Big Interview

EXCLUSIVE: A new strategy in the relationship with alcohol

By Phil Mellows

- Last updated on GMT

Work to be done: Drinkaware chief executive Karen Tyrell
Work to be done: Drinkaware chief executive Karen Tyrell

Related tags Health and safety Beer Craft beer Low to no Social responsibility

Karen Tyrell smiles and shrugs as though the answer is so obvious the question really wasn’t worth asking. “Well, yes, I go to pubs. They’re nice places to be, aren’t they?” she says, sure that no one could doubt it.

Indeed, the new – she just about still calls herself “new” – CEO of Drinkaware is a craft beer drinker. You might find her sipping an IPA at the Rooster’s Brewery taproom near her home in Harrogate, or in a wine bar, if she fancies a wine, or catching up with friends and family over a lager in a dog-friendly pub. “It has to be dog-friendly,” she warns.

It sounds like she wants to keep everyone happy, and that is a big challenge at Drinkaware, viewed with equal suspicion by those in the trade who are quick to sniff a whiff of temperance, and those in public health who want nothing to do with what they perceive as a dissembling PR front for the drinks industry.

Between those extremes, though, Tyrell believes there’s plenty to work within her mission to reduce alcohol harm, a growing concern in the wake of the post-pandemic.

Founded in 2006 and funded by some 130 industry organisations, Drinkaware has tended to slip into the background in recent years, concentrating almost exclusively on its educational role. Expect that to change. Since she arrived in October, Tyrell and her team have been working on a new strategy, officially unveiled today (Wednesday 1 February), that aims to give the body a leadership role in reshaping our whole relationship with alcohol.

You can be hopeful. And when you help make [people’s] lives better, it’s a great feeling.”

Tyrell’s drive to shake things up is drawn from a working life, more than 20 years, in drug and alcohol services, most recently in managerial roles at the Humankind charity and before that Addaction. Crucially, though, it’s her early experience in the frontline that informs her approach.

“I’d always wanted a job where I would be helping people in some way, making a difference. As a teenager I’d worked with the elderly and people with learning difficulties but what’s compelling for me about the drug and alcohol field is the potential for people to get better. You can be hopeful. And when you help them make their life better, it’s a great feeling.”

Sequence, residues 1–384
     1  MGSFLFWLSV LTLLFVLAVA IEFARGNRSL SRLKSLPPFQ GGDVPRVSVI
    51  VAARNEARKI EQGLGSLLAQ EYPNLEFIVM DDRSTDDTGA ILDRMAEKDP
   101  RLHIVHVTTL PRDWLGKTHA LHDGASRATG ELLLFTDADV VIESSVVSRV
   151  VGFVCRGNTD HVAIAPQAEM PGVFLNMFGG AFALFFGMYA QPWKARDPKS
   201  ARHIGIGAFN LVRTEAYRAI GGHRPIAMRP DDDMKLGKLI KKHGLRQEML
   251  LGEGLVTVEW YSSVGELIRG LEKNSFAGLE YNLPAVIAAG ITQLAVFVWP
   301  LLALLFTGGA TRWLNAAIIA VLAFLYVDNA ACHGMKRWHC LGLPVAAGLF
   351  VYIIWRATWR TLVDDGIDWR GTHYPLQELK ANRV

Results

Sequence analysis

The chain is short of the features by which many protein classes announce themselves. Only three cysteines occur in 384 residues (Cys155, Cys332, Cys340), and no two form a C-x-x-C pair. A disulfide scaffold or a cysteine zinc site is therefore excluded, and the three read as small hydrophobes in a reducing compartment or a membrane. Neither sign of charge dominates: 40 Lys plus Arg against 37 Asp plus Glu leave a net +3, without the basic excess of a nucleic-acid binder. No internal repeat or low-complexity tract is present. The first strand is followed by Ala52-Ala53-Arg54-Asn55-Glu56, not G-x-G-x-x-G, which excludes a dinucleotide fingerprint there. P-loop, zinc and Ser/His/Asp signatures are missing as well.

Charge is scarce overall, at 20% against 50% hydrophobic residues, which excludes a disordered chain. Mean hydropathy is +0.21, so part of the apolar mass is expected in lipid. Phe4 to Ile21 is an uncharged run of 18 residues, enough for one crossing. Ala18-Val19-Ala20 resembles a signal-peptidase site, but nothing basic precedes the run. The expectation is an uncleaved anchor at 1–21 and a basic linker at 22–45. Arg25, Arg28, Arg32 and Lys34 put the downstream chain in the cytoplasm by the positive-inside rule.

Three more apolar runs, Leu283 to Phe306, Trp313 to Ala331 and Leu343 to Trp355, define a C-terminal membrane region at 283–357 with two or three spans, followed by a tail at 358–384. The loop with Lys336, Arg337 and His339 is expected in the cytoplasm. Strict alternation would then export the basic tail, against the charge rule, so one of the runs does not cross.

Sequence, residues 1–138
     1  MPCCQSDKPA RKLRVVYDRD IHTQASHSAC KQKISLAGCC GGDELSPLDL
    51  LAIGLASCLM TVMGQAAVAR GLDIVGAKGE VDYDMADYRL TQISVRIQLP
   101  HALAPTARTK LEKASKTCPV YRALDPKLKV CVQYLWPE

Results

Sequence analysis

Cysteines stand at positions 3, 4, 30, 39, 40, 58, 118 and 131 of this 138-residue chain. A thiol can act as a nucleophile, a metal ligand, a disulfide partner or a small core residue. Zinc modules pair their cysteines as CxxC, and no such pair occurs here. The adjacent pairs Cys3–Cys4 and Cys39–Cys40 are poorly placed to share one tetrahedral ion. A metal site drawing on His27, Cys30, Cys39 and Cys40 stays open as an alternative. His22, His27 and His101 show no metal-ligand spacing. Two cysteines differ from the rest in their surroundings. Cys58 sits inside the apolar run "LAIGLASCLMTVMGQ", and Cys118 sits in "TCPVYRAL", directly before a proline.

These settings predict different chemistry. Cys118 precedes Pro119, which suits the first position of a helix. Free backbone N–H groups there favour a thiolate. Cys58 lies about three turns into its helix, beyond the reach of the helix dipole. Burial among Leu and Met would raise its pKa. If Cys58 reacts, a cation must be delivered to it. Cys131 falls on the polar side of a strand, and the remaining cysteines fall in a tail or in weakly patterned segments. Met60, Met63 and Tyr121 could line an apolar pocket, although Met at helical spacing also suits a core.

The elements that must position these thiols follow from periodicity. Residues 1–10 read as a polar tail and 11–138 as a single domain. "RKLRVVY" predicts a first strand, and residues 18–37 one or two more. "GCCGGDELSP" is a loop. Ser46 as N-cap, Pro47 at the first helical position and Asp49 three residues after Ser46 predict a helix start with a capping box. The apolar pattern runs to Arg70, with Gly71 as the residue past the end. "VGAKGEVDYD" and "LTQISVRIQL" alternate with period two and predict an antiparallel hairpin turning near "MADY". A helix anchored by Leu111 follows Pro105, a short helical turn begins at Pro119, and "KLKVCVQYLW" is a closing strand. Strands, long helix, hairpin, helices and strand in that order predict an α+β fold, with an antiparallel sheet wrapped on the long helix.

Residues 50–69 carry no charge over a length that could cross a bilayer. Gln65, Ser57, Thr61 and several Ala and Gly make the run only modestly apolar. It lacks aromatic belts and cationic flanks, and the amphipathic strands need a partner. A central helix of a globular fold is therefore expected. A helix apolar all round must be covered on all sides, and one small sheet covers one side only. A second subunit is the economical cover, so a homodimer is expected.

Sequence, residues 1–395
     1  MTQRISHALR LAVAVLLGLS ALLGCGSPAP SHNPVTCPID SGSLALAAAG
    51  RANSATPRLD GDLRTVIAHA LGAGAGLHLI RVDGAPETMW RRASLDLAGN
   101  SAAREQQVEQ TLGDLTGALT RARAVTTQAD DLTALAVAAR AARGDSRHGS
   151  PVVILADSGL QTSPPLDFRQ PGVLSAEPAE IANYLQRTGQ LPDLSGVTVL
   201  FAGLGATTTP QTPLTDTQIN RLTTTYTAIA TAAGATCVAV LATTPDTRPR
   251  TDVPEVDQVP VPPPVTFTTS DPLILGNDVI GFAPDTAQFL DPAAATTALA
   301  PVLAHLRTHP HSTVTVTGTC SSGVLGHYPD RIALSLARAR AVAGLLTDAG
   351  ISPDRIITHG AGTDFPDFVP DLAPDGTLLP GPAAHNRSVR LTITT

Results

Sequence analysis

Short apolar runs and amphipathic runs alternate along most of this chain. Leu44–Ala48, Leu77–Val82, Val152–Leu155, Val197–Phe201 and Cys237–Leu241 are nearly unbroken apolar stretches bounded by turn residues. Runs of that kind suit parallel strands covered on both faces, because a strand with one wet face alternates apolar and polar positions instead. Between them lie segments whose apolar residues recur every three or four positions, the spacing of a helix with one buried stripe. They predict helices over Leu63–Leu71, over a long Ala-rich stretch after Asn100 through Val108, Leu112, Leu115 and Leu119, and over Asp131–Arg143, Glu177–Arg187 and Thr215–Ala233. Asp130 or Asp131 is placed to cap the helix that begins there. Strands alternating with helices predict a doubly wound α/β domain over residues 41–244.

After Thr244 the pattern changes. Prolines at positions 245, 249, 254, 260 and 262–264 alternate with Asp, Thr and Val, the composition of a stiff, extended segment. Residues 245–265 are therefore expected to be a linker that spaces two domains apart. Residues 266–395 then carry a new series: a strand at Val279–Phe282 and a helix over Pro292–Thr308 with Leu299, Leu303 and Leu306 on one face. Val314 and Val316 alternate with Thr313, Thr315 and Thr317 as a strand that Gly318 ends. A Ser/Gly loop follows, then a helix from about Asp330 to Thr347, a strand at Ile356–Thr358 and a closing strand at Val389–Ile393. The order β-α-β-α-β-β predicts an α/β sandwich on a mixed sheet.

She started volunteering and fundraising for a drug and alcohol charity then took her first paying job as a key worker at Belmarsh Prison. That’s quite a sharp introduction to the field.

“After four or five years on the front line, I moved into management roles but I’ve held onto that possibility of helping people. Awful things have happened to them, and when you support them in getting their lives together again, that’s amazing.

“It doesn’t always work, of course. That’s the downside. If you can’t help them, they’re going to die, and I’ll never forget that either. This work is hard.

“My last two jobs have been on the executive teams of national charities but being on the front line, knowing what that’s like, affects how you deal with the issues and the people.”

A different system 

There came a point, though, when the logic of that was pushing her to try something else.

“Drug and alcohol services can only pick people up once they’ve fallen off the cliff. Their lives have already unravelled. You haven’t time to pay attention to why that happened in the first place. Your focus is on delivering services.

“But I want it to be easier for people to ask for help before they get to the point when they need alcohol services. Really, I want a different system. I was looking around for how to do that, and Drinkaware is a different way of going about things.

“It was set up bring together the drinks industry, the Government and the public, and it was set up to change the relationship we have with alcohol.”

It’s true that 80% of adult drinkers drink within the CMO (chief medical officer) guidelines but that means there are 20% who don’t”

So Tyrell has taken herself upstream to attempt to lessen the turbulence she’s been dealing with downstream, to catch people before they get in too deep. The fact she’s chosen to do that with Drinkaware, an industry-backed, if independent, body, might raise an eyebrow in certain quarters but she’s clear the trade can be a positive force in what she’s trying to achieve.

“The scale of the problem is enormous. It’s true that 80% of adult drinkers drink within the CMO (chief medical officer) guidelines but that means there are 20% who don’t, millions of people who are at risk. And the industry is communicating with these consumers every day, all the time, so there’s a massive opportunity there.”

To fully seize that opportunity, Drinkaware, she believes, must start thinking bigger.

“In the past, Drinkaware has been focused on individual behaviour change. The big shift we want to make is towards societal change, partnering with Government and industry, and maximising those relationships so we can generate a conversation on a societal level.

“We’ll continue our public-facing campaign, giving information and guidance, because alcohol units, alcohol harm and so on are complicated for people to understand. It’s difficult enough for me, and I’m dealing with it every day.